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Co-op Refinery Complex responds to strike notice, moves to protect plant safety

By Daniel Jungwirth

December 3, 2019

The Co-op Refinery Complex (CRC) is disappointed that the Unifor 594 Executive chose to issue a 48-hour strike notice at 4:30 p.m. CST today.

“Our priority was to get a deal done at the bargaining table and avoid a labour disruption; however, that means that both sides must be willing to bargain,” said Gil Le Dressay, Vice-President of Operations at the CRC.

“However, because a 48-hour strike notice creates an unsafe operating environment for the Refinery, we have issued a 48-hour lockout notice effective 5:30 p.m. today.  It is vital to the safety of our operation that we control the timeline of labour action as our highly-skilled management team assumes control of the Refinery’s operation. This also allows us to maintain a reliable supply of fuel to 170 local co-ops and their communities across Western Canada.”

The Refinery has put offers in front of the Unifor 594 Executive, however no counteroffer has been received. The CRC feels that it has put a fair offer in front of the Union but is willing to listen if Unifor chooses to bring a counteroffer forward and rescinds their strike notice. 

“Our offer includes an 11.75 per cent raise over four years. The average CRC worker earns about $104,000 per year, so the proposed raise represents, on average, a more than $12,000 increase over the life of the contract,” said Le Dressay. “We’ve also included enhanced benefits options and access to our company performance plan, which is an annual incentive bonus based on the Company’s performance.”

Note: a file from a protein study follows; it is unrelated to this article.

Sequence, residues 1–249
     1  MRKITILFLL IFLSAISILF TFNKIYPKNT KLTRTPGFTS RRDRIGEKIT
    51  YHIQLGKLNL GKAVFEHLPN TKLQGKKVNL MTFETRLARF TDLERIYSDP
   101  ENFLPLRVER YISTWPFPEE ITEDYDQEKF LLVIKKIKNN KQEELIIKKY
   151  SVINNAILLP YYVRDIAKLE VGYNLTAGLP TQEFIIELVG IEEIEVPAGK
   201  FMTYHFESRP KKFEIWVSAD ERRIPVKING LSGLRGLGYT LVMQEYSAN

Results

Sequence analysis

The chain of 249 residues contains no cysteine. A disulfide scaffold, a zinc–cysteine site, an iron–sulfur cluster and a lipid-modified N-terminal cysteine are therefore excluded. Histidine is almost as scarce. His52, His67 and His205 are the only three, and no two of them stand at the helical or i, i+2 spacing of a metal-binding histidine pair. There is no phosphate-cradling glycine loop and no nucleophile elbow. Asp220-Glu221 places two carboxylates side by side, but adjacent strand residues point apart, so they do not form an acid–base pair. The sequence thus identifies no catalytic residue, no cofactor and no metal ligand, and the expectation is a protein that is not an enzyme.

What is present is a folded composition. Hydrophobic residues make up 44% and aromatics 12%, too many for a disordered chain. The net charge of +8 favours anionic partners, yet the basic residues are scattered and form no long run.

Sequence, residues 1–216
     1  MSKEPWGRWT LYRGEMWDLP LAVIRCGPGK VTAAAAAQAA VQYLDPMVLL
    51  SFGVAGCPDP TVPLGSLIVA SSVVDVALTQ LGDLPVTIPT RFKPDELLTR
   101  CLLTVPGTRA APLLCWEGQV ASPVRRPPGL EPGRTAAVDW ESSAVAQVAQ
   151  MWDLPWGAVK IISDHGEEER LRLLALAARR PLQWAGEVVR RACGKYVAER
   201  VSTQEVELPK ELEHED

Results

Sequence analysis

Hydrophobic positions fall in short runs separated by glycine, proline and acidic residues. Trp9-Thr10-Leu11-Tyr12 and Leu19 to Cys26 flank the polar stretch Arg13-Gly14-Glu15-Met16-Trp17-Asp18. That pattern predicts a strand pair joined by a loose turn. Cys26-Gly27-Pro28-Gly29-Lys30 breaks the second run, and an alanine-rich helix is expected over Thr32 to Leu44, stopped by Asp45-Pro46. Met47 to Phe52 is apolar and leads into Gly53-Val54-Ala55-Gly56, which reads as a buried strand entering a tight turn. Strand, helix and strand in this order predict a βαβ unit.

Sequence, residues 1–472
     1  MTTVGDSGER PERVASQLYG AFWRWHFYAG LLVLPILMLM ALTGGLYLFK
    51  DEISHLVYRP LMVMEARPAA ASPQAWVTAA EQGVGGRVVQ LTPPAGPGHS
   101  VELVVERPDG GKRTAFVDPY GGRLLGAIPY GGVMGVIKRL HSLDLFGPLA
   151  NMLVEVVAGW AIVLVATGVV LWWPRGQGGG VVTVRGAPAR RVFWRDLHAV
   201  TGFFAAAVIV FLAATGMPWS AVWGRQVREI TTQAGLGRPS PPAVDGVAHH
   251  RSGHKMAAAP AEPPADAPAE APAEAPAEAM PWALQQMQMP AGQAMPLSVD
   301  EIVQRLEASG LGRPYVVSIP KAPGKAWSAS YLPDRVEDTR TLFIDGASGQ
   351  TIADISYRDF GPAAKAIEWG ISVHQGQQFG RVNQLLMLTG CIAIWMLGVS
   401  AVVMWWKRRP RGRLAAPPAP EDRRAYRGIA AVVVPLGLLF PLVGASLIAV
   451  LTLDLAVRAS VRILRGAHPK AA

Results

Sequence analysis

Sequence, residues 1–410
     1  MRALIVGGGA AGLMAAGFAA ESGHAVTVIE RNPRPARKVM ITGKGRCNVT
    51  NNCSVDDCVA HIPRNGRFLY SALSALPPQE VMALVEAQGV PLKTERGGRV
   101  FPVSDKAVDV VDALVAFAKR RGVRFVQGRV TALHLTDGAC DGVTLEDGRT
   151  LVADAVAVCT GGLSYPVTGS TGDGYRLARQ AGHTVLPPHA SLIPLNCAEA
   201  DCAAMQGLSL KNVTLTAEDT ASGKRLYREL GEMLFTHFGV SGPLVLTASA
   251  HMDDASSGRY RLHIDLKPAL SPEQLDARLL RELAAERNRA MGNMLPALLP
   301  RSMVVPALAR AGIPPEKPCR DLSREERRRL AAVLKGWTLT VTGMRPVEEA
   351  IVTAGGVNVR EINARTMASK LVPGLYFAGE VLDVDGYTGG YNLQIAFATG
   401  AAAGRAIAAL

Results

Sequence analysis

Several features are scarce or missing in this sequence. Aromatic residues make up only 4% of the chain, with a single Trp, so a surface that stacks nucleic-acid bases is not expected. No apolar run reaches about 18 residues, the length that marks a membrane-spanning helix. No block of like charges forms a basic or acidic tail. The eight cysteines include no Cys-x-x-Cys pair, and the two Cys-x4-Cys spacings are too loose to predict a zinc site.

In addition to increased wages, added benefits and a performance plan, CRC has given the Union a choice to remain in their current Defined Benefit (DB) Pension Plan or move to the Company’s industry-matching Defined Contribution (DC) Pension Plan.  The one caveat to remaining in the DB plan is that the workers will now be required to contribute to it.

“Most CRC unionized workers, unlike most Canadians, have never had to contribute to their pension plan. Unfortunately, that just isn’t sustainable any longer and we have to ask them to at least contribute to their plan,” said Le Dressay. “We value all of our employees and the work they do, which is why they are among the best compensated workers in Western Canada. Our current offer includes an industry-matching wage increase, industry-matching pension options, and a new performance bonus option for our hourly team.”